I'm also now in the position that I've been unemployed for 2 years and am recovering (very slowly) from a back injury. I'm likely going to need to sell my house soon but I seriously doubt anyone would buy it with basically no water. I also can't go outside and start digging 4' deep holes with a shovel to go exploring.

---

So... On to the actual questions. Do I have a snowball's chance in hell of a new pump restoring at least SOME normal function to my well? I wouldn't have a problem disclosing to a new owner that the well is in poor condition, but city water is "on the way" and let them make the call. Again, I can probably do this for free (my neighbor and I are good friends and it's just taking up space in her garage).

and... can anyone tell me how to open this thing in my yard up and pull the pipes out of it? Is it even possible? I've never seen a well that looks anything like this before and I also don't understand how 2 fairly rigid plastic pipes could be bent and routed around inside it. Is excavation the only way to get inside it to replace the pipes and hardware? Is this even the well at all? My house, as far as I know, isn't served by natural gas (I have an above ground propane tank on the opposite end of the house and copper line from it runs directly from the tank, into the house, and straight to my furnace) so it seems like that is the only thing it could be.

Thanks in advance for any help you can provide me. I'm getting pretty desperate to get some normal form of water restored to my house. Oh... I'm located in NE Indiana if that should make a difference.

I have attached a few pictures of what I think the well is for your reference. I can take as many pictures of anything else as anyone wants.

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Old 04-19-16, 01:33 PM
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I no nothing about jet pump setups, other than what has been posted on this site. As far as the well goes, I'd be checking that out, insofar as to depth, static water level, any wet spots in yard?...rule out the obvious issues.
If you have an android cell phone, you can download a 'well sonar', but with the all junk down the well, you may not reach bottom.
If it is a shallow well, pulling the pipe shouldn't be a big deal.
 
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Old 04-19-16, 02:55 PM
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Thanks for the suggestions, and I will definitely use them, but I first need someone to tell me how to take the top off of my well. I have no idea how the pipe sticking out of the ground works. To me it almost looks like some kind of union on top.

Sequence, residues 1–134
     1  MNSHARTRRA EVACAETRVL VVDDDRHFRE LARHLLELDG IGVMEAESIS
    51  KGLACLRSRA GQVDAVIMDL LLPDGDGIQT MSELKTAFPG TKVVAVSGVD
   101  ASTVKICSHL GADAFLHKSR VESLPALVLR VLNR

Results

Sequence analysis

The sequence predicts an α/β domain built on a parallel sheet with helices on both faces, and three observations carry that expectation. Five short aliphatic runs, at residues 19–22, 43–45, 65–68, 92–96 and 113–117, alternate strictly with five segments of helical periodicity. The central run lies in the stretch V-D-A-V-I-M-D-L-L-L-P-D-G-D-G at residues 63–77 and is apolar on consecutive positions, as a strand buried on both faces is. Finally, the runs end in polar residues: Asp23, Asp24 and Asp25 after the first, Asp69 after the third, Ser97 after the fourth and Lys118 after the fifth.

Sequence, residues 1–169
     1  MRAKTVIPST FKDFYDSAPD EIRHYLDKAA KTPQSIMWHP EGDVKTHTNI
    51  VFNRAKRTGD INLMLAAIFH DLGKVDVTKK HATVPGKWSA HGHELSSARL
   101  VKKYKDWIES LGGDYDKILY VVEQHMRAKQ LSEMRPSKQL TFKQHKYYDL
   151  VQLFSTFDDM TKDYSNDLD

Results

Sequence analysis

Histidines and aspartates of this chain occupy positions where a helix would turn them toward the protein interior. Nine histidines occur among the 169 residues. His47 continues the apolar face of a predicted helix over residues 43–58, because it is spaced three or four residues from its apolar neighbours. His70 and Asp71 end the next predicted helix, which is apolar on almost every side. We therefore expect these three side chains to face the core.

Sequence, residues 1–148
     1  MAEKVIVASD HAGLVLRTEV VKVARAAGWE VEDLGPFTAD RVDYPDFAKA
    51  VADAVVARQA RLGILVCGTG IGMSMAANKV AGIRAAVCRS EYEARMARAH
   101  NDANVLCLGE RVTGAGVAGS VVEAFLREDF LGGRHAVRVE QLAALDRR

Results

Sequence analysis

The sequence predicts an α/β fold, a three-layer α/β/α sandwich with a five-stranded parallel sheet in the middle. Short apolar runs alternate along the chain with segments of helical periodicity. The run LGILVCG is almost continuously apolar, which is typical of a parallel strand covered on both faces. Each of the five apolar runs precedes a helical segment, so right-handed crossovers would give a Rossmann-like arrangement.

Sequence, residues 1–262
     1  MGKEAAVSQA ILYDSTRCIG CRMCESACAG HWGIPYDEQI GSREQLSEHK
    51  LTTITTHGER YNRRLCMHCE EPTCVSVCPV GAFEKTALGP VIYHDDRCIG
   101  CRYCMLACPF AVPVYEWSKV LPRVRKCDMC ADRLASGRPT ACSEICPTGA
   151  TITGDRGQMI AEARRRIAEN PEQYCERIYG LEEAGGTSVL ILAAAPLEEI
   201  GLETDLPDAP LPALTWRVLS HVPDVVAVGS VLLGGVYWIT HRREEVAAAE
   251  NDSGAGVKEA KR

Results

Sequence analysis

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Old 04-19-16, 06:02 PM
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Your well at 21' is not a deep well and based on what you've said.... is probably contaminated like your neighbors from septic systems.

A "deep well" setup means it uses two pipes. Normally the only reason to use this type of setup on a shallow well is for quicker priming.

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That may be a lifting point for the well point. Some type of pitless adapter system. If you have two poly lines going out to the well then they should be there. I know it's tough but I'd try carefully digging down a few feet around that fitting.
 
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Old 04-19-16, 06:25 PM
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The bacteria in the well isn't harmful to humans (I've had the water tested) thankfully, it just smells bad (the sulfur smell some wells get from the water heater).

If I start digging what should I expect to find? 2 black plastic pipes siliconed to the side of that steel casing or something? I'd like to have at least some bare minimum idea of what I may discover if I disturb something with a shovel and make things go from bad to worse.

Thanks for the advice!
 
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Old 04-19-16, 06:43 PM
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You'd have to hit the pipe pretty hard to hurt it. The following video, although a little silly, shows installing a pitless adapter.

you tube/watch?v=0XYoa2vu9Q4
 
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Old 04-19-16, 07:26 PM
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Ok. So if I dig down around it I should find 2 pitless adapters (one for each size pipe)? Then I have to take the nuts off of them, push the adapters inside the casing, and unscrew the top to pull the well up?